Thankfully, as we celebrate St. Patrick’s Day in 2017, the days when ‘No Irish, No Dogs, No Blacks’ signs were displayed in the windows of cheap board and lodging houses across Britain in the 1950s and 1950s, are long behind us.
That does not mean, however, that Irish people living in Britain do not still experience housing needs or disadvantage: far from it. And the consequences of Brexit, especially the possibly of the unravelling of the peace process, the status of migrants, and the establishment of a ‘hard’ border between the north and south of Ireland, are yet to be felt.
Migration from Ireland to Britain has occurred from the earliest recorded history. More recently, migrants in the 1950s frequently came to work in construction. Those during the 1980s and 1990s tended to be more highly educated and seeking employment in the professions. The most recent ‘wave’ of migration took place following the collapse of Ireland’s ‘Celtic Tiger’ economy with migrants seeking employment in Britain’s service sector.
This over-simplifies the diversity of the migrant communities in these periods but shows that Irish migrants are among both the least qualified and the most highly qualified in the Britain; often with a generational twist.
The acceptance of Irish migrants into British communities, often linked to negative stereotyping as exemplified by the boarding house signs mentioned at the start, has been far from smooth. Anti-Catholic sentiments have a long history in Britain and were stoked anew during the ‘troubles’ in Northern Ireland from the 1970s to the 1990s.
Today, millions of British people are either from Ireland or have Irish ancestry. It is estimated that as many as six million have at least one Irish grandparent. Around 700,000 people in the 2011 Census designated themselves as being of Irish ethnicity, with two thirds pointing to the Republic of Ireland as their place of origin, with the remainder being from Northern Ireland.
The housing disadvantage and discrimination that many Irish migrants experienced from their arrival in the 1950s precipitated the creation of specialist Irish housing associations as part of the Housing Corporation’s BME Housing Strategy.
One of the remaining and most preeminent is Innisfree HA, which grew from the campaigning zeal of a small group who were driven to do something about the poor health and housing conditions of the Irish community in Brent. From the management of short-life housing in one London borough, Innisfree grew to own over 500 homes in north and west London, including family homes, a specialist scheme for Irish elders, and supported housing for vulnerable singles.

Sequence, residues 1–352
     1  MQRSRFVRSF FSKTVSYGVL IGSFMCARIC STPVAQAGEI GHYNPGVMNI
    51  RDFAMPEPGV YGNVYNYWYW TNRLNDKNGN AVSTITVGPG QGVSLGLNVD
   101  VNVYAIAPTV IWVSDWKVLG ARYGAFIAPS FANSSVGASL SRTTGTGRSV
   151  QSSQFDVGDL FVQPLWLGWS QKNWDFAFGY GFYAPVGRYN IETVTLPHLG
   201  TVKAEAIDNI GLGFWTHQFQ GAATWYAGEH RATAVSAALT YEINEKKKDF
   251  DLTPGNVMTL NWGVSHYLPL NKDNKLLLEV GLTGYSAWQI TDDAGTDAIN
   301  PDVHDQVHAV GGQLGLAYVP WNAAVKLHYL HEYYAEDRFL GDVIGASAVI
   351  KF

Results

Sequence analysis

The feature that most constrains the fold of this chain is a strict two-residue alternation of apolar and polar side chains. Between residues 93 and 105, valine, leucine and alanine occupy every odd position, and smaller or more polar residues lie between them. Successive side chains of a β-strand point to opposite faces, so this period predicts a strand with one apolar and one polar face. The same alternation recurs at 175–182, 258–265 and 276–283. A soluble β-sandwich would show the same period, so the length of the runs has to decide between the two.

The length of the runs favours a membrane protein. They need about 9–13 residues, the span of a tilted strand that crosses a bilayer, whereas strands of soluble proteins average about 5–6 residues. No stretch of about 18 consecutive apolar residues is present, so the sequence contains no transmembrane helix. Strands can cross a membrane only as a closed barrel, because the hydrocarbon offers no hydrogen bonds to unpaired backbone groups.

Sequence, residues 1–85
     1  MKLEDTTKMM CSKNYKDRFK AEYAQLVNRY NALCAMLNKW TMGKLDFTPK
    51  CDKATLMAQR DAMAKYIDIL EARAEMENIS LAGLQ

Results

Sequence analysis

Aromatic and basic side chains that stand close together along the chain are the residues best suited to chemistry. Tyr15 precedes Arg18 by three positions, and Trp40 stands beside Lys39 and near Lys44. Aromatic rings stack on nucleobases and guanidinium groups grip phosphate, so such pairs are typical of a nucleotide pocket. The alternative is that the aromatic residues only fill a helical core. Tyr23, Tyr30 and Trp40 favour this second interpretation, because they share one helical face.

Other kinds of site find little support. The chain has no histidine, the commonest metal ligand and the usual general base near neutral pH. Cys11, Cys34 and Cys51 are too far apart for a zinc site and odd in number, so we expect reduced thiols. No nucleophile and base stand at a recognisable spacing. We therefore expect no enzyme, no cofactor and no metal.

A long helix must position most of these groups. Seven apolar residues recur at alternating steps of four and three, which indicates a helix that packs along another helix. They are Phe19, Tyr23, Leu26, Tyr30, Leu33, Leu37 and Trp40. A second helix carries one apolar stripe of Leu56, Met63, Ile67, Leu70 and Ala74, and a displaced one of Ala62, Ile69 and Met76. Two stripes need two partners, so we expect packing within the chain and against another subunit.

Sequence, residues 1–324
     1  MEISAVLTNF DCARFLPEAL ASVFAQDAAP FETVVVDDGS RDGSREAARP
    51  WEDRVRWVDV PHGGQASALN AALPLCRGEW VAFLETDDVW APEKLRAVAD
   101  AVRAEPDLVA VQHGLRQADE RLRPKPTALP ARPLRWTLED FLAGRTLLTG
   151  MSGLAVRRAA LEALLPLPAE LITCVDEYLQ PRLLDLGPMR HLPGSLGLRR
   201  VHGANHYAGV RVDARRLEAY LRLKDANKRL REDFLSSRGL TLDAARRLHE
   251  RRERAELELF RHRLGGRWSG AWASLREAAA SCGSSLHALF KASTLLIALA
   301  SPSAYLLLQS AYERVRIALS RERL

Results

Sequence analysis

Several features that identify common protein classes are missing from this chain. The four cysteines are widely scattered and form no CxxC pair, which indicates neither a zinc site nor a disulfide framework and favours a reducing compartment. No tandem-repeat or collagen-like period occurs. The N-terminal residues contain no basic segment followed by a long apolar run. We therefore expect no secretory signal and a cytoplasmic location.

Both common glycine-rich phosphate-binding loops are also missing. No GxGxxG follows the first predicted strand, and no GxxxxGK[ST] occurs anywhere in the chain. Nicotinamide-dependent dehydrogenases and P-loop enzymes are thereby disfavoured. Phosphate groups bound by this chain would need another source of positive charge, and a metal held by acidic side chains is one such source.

Nehemiah UCHA, originally a BME housing association dedicated to meeting the needs of African-Caribbean people in West Midlands’ communities, has recently taken on the role of aiding Irish people in Birmingham. This has come about following transfer of Father Joe Taaffe House, sheltered housing for older Irish people, and other housing three years ago from CARA, a now defunct Irish housing association in Birmingham.
The Human City Institute is now working with these two housing associations on a new research project to explore the changing nature and characteristics of Irish communities in Birmingham and London, and their evolving housing and community needs.
Early findings suggest that Irish households are less likely to be home owners and more likely to be private or social renters than the white British group. But there are higher rates of home ownership and lower rates of renting than for all other BME groups.
There is a particular problem of homelessness amongst Irish singles.
Older Irish people are over-represented in one-person households compared to all other ethnicities. The Gypsy and Irish Traveller group are most likely to be lone parent households. There is both more overcrowding among Irish families, and under-occupation for older Irish households.
Irish households also more frequently declare that they are in poor health, at 10%, rising to 14% for the Gypsy and Irish Traveller group. These morbidity rates are higher than for any other ethnic group. Irish people are also more likely than other groups to be providing unpaid care to relatives.
The report from this research will be published in May. In the meantime, have a great St. Patrick’s Day.